November 23, 2020
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Travelers are drawn to the Loire Valley for its picturesque scenery and beautiful chateaux. There are over 300 chateaux in the Loire Valley, where starting in the 15th century the French kings began building large, elaborately landscaped castles. The nobility soon followed suit, luring the best architects (including Leonardo da Vinci) and landscape designers to the area to design their country castles.
Of the many famous buildings that were constructed in the centuries that followed, many of the most beautiful remain, and are open to tourists.
This was the first chateau in the Loire to be named a UNESCO world heritage site. It is thought that Leonardo da Vinci participated in its conception, and it is considered one of the most magnificent chateaux of the Loire.
The first example of the 17th-century classical style, it is famous for its rich interiors, which have been preserved by its owners, the Hurault family. You can experience the aesthetics of the wealthy nobility in the collection of paintings and furniture. It is also known for its impressive pack of hunting dogs!
This royal chateau is known for the fact that it combines many different architectural styles, most notably the Gothic, Flamboyant, Renaissance, and Classic. In this sense it is like a lesson in the history of architecture of the region.
The Chateau of Chenonceau is one of the most iconic Chateaux of the Loire. It is also famously known as the “Chateau des Dames” for the historical female figures who lived there, including Diane de Poitiers and Catherine de Medici.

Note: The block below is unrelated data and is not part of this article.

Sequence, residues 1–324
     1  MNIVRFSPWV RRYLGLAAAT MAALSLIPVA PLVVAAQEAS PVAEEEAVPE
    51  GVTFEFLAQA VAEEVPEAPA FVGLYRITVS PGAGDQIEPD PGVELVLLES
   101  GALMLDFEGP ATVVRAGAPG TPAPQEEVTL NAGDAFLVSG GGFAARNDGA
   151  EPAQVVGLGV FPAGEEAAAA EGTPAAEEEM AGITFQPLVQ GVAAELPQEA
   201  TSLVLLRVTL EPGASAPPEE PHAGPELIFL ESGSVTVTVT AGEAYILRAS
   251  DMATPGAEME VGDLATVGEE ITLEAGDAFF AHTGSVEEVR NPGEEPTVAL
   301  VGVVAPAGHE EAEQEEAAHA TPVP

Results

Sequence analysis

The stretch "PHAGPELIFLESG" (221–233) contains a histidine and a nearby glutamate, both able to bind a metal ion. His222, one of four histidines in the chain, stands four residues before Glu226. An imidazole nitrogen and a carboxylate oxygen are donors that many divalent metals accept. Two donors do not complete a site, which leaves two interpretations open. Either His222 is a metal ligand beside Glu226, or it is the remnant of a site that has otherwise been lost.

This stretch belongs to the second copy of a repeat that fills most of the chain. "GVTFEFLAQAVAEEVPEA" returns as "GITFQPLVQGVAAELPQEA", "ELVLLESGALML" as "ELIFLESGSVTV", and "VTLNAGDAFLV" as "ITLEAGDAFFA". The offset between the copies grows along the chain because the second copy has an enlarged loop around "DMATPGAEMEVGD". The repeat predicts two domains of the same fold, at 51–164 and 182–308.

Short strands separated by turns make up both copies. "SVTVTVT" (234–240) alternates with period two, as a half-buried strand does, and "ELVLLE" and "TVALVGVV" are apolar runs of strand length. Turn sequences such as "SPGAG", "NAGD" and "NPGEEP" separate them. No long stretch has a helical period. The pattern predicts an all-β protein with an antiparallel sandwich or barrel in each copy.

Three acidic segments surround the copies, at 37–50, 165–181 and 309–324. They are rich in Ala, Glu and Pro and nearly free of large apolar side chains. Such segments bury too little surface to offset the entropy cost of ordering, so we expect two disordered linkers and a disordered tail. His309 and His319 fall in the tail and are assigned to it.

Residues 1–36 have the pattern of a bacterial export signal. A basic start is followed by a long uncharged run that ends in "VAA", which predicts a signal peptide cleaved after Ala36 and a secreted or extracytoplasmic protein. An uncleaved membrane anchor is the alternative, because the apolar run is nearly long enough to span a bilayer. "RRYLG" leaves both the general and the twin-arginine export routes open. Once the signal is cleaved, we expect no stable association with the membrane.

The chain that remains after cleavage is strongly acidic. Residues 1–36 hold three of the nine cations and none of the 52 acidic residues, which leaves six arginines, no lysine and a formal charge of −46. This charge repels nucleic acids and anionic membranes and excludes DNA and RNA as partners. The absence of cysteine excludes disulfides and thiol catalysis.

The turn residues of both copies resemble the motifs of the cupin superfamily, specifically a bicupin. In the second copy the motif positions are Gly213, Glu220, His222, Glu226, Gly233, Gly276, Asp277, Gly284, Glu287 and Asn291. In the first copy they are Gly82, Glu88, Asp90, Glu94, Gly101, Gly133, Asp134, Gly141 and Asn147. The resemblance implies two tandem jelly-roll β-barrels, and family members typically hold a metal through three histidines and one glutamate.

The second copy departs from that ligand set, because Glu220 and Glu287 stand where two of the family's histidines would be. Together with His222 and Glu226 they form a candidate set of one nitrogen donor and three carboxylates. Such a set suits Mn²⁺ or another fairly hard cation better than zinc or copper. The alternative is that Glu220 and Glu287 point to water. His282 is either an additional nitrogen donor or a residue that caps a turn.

Formerly the residence of Charles VIII and of the young François d’Angouleme (who would become François I), Amboise is probably most famous for the Saint Hubert Chapel, which holds the grave of Leonardo da Vinci. (The nearby Chateau of Clos-Lucé, which was da Vinci’s residence for the last few years of his life, is also worth seeing).
One of the oldest chateaux of the region, it was originally built in the 10th century but subsequently destroyed. Charles I of Amboise rebuilt it in the 15th Century, and among its famous owners were, again, Catherine de Medici and Diane de Poitiers, as well as, much later, Madame de Staël.
Villandry is known for its elaborate gardens, 15 acres worth! Although the formal gardens are the most photographed, the estate also includes the many different types of gardens of the era, including a kitchen garden, medicine plant garden, water garden, sun garden, and even a love garden.
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By Peg Kern
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Originally published March 25, 2013.